Subject(s)
COVID-19 , Hematologic Diseases , Adult , Antibodies, Viral , Hematologic Diseases/complications , Hematologic Diseases/epidemiology , Humans , Immunoglobulin G , Immunoglobulin M , Japan/epidemiology , Retrospective Studies , SARS-CoV-2
3.
Nature ; 607(7917): 119-127, 2022 07.
Article in English | MEDLINE | ID: covidwho-1915276

ABSTRACT

The recent emergence of SARS-CoV-2 Omicron (B.1.1.529 lineage) variants possessing numerous mutations has raised concerns of decreased effectiveness of current vaccines, therapeutic monoclonal antibodies and antiviral drugs for COVID-19 against these variants1,2. The original Omicron lineage, BA.1, prevailed in many countries, but more recently, BA.2 has become dominant in at least 68 countries3. Here we evaluated the replicative ability and pathogenicity of authentic infectious BA.2 isolates in immunocompetent and human ACE2-expressing mice and hamsters. In contrast to recent data with chimeric, recombinant SARS-CoV-2 strains expressing the spike proteins of BA.1 and BA.2 on an ancestral WK-521 backbone4, we observed similar infectivity and pathogenicity in mice and hamsters for BA.2 and BA.1, and less pathogenicity compared with early SARS-CoV-2 strains. We also observed a marked and significant reduction in the neutralizing activity of plasma from individuals who had recovered from COVID-19 and vaccine recipients against BA.2 compared to ancestral and Delta variant strains. In addition, we found that some therapeutic monoclonal antibodies (REGN10987 plus REGN10933, COV2-2196 plus COV2-2130, and S309) and antiviral drugs (molnupiravir, nirmatrelvir and S-217622) can restrict viral infection in the respiratory organs of BA.2-infected hamsters. These findings suggest that the replication and pathogenicity of BA.2 is similar to that of BA.1 in rodents and that several therapeutic monoclonal antibodies and antiviral compounds are effective against Omicron BA.2 variants.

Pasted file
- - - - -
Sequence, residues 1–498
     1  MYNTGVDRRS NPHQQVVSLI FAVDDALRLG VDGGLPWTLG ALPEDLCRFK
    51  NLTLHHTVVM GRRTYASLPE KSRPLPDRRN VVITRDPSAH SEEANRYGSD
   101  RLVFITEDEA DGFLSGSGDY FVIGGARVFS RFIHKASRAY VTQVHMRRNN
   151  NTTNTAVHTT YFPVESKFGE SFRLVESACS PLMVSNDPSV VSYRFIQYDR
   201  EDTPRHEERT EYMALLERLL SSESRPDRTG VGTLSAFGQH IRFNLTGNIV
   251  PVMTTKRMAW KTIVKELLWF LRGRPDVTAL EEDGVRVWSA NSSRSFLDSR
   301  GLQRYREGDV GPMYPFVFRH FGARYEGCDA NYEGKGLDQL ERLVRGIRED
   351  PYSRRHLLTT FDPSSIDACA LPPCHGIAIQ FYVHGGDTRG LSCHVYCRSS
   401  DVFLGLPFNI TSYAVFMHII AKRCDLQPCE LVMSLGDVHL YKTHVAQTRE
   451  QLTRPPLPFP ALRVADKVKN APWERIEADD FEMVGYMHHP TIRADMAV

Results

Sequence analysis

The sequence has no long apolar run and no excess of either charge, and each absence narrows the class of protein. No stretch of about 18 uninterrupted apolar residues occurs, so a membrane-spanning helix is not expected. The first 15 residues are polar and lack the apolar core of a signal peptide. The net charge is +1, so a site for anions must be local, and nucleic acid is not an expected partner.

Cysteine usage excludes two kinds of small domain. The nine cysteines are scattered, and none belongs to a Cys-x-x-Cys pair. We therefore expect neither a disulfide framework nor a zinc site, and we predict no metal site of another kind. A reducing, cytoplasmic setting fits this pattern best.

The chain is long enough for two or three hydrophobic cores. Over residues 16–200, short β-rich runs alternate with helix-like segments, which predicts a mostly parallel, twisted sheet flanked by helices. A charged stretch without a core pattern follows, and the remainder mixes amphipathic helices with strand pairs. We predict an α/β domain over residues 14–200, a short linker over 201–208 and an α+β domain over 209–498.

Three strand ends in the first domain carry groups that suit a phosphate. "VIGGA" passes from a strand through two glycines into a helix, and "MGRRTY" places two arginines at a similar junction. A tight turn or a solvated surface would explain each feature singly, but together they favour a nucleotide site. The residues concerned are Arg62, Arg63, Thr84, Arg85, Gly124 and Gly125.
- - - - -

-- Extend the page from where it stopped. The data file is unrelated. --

Subject(s)
Antiviral Agents , COVID-19 Drug Treatment , SARS-CoV-2 , Animals , Antibodies, Monoclonal/pharmacology , Antibodies, Monoclonal/therapeutic use , Antibodies, Monoclonal, Humanized , Antibodies, Neutralizing/pharmacology , Antibodies, Neutralizing/therapeutic use , Antibodies, Viral/pharmacology , Antibodies, Viral/therapeutic use , Antiviral Agents/pharmacology , Antiviral Agents/therapeutic use , COVID-19/genetics , COVID-19/immunology , COVID-19/virology , Cricetinae , Cytidine/analogs & derivatives , Drug Combinations , Hydroxylamines , Indazoles , Lactams , Leucine , Mice , Nitriles , Proline , SARS-CoV-2/drug effects , SARS-CoV-2/genetics , SARS-CoV-2/pathogenicity , Spike Glycoprotein, Coronavirus/genetics , Triazines , Triazoles